GRATEFUL DEAD, ALLMAN BROS. TAKE TO THE GREAT OUTDOORS
It was far less a concert than an event -- the Grateful Dead and the Allman Brothers Band together for two days at RFK Memorial Stadium. Every rock & roller on the East Coast worth his or her faded jeans -- about 80,000 of them -- showed up. The emphasis was so much on scene-making that the music frequently seemed incidental to the conspicuous consumption here of reefers, reds and Ripple.
Doug Sahm and Wet Willie opened the festivities on Saturday and Sunday, respectively. Sahm's Texas country-blues drew heavily on his recent album, culminating with a raucous run-through of "San Antone."
But on Sunday, June 10th, Wet Willie surprised everyone with the most lively, vibrant music of the weekend -- an energetic brand of Southern R&B. Jimmy Hall's vocals and razor-edged harp, Ricky Hirsch's scorching guitar and Jack Hall's insistent bass taxed the twin sound systems and filled the stadium with layers of funky greaseball drive.
The Allmans closed the Saturday show with an inspired performance most obvious during "Les Brers in A Minor," which was driven to incredible levels of intensity by Dicky Betts' searing guitar lines.
Sunday evening, the Dead did not fare as well. Though they frequently displayed commendable instrumental virtuosity, they suffered from a relative paucity of musical ideas, which they compounded by playing for more than six hours. After the third or fourth hour of extended variations on the "Dark Star" theme, many persons began to leave. But it must be admitted that the hard-core remainder seemed to enjoy every minute of the rest of the show, especially during "Truckin'," which was accompanied by much stomping and clapping.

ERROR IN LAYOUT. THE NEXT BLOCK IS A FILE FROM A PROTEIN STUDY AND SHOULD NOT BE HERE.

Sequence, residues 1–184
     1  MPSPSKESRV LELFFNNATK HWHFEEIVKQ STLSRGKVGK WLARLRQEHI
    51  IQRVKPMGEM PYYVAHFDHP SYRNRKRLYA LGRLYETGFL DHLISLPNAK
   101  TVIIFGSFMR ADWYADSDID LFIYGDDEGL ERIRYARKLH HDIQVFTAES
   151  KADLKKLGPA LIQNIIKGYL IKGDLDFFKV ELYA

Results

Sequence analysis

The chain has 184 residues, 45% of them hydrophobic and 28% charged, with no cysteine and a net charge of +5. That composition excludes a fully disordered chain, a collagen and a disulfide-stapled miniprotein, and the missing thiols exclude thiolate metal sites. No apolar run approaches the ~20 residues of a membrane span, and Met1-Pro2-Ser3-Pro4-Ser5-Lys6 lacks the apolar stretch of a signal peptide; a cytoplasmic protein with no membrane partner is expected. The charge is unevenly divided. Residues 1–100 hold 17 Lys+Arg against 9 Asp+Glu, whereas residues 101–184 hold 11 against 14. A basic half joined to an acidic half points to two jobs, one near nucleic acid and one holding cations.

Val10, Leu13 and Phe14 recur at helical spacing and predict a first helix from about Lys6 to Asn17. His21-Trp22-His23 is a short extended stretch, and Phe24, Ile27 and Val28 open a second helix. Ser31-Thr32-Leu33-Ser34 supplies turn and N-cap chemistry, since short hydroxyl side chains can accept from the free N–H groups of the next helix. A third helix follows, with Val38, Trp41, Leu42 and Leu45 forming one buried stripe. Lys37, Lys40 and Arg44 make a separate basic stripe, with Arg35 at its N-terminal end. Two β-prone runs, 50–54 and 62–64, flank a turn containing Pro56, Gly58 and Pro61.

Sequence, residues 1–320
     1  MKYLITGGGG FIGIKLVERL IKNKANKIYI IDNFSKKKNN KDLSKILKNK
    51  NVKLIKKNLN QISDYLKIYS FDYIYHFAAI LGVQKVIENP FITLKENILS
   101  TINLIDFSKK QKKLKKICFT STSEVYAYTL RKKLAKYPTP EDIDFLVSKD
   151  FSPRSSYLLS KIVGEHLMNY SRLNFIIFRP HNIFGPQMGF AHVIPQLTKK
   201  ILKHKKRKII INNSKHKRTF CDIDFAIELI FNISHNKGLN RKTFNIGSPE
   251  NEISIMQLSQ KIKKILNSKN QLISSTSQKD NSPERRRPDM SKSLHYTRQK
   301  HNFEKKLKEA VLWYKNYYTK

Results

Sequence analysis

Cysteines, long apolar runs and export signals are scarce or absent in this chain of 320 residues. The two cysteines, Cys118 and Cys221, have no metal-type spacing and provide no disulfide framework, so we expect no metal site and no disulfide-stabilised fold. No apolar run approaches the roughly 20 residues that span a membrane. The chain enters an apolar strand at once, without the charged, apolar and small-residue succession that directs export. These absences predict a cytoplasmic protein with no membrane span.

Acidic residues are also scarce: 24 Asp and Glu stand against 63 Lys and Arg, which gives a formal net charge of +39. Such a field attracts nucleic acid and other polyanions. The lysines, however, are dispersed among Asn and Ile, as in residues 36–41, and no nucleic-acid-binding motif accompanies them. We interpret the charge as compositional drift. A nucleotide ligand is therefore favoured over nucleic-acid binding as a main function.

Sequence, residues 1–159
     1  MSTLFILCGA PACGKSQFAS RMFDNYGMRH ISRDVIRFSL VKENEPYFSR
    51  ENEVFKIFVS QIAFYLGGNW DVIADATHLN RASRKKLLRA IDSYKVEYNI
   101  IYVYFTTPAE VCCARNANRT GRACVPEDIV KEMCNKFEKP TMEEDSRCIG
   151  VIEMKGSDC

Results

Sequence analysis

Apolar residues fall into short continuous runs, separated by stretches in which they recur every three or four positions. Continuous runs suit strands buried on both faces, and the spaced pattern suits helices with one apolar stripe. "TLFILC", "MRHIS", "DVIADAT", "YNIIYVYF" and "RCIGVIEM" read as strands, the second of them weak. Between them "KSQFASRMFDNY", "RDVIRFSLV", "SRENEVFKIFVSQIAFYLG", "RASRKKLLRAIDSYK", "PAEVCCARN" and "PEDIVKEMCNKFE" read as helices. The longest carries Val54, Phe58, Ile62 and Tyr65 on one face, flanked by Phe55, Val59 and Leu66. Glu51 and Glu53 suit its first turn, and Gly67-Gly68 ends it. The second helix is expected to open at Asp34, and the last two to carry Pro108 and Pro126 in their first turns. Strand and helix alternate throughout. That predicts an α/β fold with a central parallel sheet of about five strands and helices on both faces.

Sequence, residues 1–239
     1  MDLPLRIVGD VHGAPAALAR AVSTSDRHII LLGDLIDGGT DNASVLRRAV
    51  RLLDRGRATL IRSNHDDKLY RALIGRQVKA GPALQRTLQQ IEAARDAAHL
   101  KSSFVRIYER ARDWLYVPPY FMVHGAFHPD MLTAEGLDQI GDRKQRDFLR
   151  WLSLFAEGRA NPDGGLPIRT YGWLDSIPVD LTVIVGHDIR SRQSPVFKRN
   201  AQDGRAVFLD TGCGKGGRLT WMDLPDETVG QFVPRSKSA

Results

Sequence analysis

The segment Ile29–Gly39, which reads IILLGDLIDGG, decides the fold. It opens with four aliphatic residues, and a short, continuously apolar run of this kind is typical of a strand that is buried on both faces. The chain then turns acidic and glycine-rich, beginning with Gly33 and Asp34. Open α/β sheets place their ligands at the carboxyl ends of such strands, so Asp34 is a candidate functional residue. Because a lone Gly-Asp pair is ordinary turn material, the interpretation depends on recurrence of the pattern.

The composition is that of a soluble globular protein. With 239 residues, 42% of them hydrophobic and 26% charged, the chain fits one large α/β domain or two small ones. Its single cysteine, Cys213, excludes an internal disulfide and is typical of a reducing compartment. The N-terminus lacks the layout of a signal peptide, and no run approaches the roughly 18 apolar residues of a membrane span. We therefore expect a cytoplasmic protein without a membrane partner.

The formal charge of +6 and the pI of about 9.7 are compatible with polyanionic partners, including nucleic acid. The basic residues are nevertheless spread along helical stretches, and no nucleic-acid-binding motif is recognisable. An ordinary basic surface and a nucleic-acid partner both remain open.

The long awaited inter-group jam finally materialized around Sunday at midnight, but with Betts and Butch Trucks the only Brothers participating, it was, in effect, another 90 minutes of the Dead.
President Nixon chose not to attend. In the audience, however, was Caroline Kennedy, Sam Cutler, the Metropolitan Police and a big brown dog.
(by Gordon Fletcher, from Rolling Stone, July 19 1973)
Article also included here:
http://archive.org/details/gd1973-06-10.fob.barry.90351.flac16 (the "paucity of musical ideas"...)